Video

Some of the Growing Number of Scientists Who Doubt the Darwinian Theory of Evolution Speak Out

Today is Darwin’s Day, the birthday of the venerated Charles Darwin, whose theory is a fact beyond question. Right? The journal Nature assures its readers, “Scientists can treat evolution by natural selection as, in effect, an established fact.” Or as philosopher Michael Ruse wonderfully put it, “Evolution is a fact, fact, FACT!” The insistence on this point encourages a certain Read More ›

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Image of Michael Keas Teaching

Unbelievable: The Myth of a Christian ‘Dark Ages’

The period from 500 to 1500 is often dismissed as an intellectually barren time, but in his new book, science historian Michael Keas sets the record straight. Historian of science, Michael Keas, tackles this and other science and religion myths in his new book, Unbelievable: 7 Myths About the History and Future of Science and Religion (2019, ISI Books).

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Minds, Machines, and Mathematics

What is the degree of approximation of a brain to a computer? What can mathematics tell us about A.I. and creativity? Are there things in existence that are unknowable? Join us as we discuss these related questions. Our conversation will begin with a talk by Robert J. Marks II. He is a Distinguished Professor of Electrical and Computer Engineering at Read More ›

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Michael Newton Keas explaining medieval view of round earth

The Flat Earth Myth

Critics of intelligent design think they’re clever when they draw comparisons between ID and belief in a flat Earth. Professor Jerry Coyne, for one, says that HarperCollins, publisher of Michael Behe’s forthcoming book, Darwin Devolves, “should be ashamed at [sic] itself for publishing the biology equivalent of flat-Earthism.” Professor Nathan Lents has ventilated a similar view.

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Chris Rufo Discusses “Survival Crime” on Tucker Carlson

Discovery Institute Research Fellow Chris Rufo appeared on Tucker Carlson’s Fox News program last week to discuss a new problem emerging from the homelessness crisis in several of America’s biggest cities, including Seattle. “Survival Crime” theory posits that certain vulnerable groups of people, such as the homeless, should be exempt from laws against public camping, drug consumption, and even theft Read More ›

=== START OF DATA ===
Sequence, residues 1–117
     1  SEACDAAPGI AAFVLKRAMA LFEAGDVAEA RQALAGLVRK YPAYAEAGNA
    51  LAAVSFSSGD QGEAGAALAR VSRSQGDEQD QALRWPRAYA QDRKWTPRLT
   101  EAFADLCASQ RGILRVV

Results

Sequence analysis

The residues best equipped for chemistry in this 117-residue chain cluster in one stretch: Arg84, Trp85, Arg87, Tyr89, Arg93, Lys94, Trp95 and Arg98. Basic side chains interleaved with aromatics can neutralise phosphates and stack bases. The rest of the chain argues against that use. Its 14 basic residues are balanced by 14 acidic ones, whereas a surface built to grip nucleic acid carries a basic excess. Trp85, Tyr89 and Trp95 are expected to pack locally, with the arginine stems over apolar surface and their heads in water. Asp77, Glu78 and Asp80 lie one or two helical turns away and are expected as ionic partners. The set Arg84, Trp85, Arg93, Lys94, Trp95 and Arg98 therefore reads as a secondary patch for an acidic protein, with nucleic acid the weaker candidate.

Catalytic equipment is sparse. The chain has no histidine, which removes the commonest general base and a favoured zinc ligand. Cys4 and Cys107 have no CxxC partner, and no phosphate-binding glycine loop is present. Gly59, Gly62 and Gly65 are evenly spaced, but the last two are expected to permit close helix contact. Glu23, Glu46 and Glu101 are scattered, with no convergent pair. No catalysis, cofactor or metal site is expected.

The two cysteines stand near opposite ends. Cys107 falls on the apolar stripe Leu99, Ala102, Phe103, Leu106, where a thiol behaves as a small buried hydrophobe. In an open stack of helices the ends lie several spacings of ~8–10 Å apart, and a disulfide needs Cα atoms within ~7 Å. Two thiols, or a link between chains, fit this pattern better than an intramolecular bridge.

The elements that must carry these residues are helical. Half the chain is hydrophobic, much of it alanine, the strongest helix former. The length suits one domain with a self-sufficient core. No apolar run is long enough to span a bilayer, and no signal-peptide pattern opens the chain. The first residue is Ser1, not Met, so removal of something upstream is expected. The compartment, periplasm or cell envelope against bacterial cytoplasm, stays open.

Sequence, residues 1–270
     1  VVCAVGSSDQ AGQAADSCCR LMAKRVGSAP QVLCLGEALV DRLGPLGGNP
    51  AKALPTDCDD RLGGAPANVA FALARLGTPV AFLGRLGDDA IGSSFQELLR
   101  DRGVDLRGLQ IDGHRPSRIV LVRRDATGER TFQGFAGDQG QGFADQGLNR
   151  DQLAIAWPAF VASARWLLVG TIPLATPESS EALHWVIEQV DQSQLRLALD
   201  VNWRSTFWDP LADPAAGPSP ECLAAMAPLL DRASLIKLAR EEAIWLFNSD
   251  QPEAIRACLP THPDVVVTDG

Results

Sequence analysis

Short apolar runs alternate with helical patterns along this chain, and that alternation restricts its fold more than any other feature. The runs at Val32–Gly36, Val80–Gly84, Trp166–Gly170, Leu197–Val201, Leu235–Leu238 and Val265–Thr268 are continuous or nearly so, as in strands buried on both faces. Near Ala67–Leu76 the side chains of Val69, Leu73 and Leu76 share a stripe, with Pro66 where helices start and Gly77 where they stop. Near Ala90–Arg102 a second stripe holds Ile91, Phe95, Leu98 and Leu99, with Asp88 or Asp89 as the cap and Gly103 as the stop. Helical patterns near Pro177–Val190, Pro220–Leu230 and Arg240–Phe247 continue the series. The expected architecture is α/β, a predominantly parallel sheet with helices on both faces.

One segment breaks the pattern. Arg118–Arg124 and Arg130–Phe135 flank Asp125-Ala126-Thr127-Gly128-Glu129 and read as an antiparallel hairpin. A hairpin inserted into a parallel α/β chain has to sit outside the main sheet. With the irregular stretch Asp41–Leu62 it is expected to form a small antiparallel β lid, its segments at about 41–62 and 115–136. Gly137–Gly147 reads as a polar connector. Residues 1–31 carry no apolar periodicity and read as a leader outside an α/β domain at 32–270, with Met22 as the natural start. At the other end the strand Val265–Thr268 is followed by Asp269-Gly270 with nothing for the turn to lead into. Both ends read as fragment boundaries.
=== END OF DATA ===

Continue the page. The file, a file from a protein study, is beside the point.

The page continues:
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Michael Medved smiling in front of the microphone during a taping of Great Minds
Photo by Nathan Jacobson

Conserving Great Ideas

To be a conservative, says Yale polymath David Gelernter, is to “give due credit to the ideas that created the civilization we live within.” A simple and beautiful summary. In a new podcast episode of Great Mind with Michael Medved, Dr. Gelernter talks with our host Mr. Medved about the shocking irresponsibility in the failure to introduce young people to the Read More ›

Highlights of 2019

Dr. Meyer directs the Center for Science & Culture and is a chief proponent of the theory of intelligent design. He described some of the expected highlights of 2019. Those include books by Michael Behe, Michael Keas, and the Discovery Institute Insiders Tour of Israel with Meyer, joined by Michael Medved, George Gilder, and Titus Kennedy.

Why Talent Trumps Taxes

Lower taxes and less regulation are great for business, but some are thriving in high-tax states like New York and California. On my new podcast, Ralph Benko explains the “Tamny Axiom”. Hint: there’s something more valuable in those states than low taxes. Read More ›

Financial Busts: Why Are We Always Surprised

People look to the government to prevent future financial crises and too many trust that politicians and economic experts can create policies to protect us and our 401(k) plans. We shouldn’t rely on them. These experts are smart, mostly well-intentioned people but they can’t prevent the next crisis. No one can. Why is that? And why is a future crisis Read More ›

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Economist George Gilder on Capitalism, Socialism, and Google

Life After Google author George Gilder explains the role of creativity in capitalism as he shares economic insight on Life, Liberty & Levin. Learning, he says, is the heart of capitalism. Whereas capitalism is about creativity, socialism is about planning and rests on the assumption that we already know everything we need to know in order to plan our future.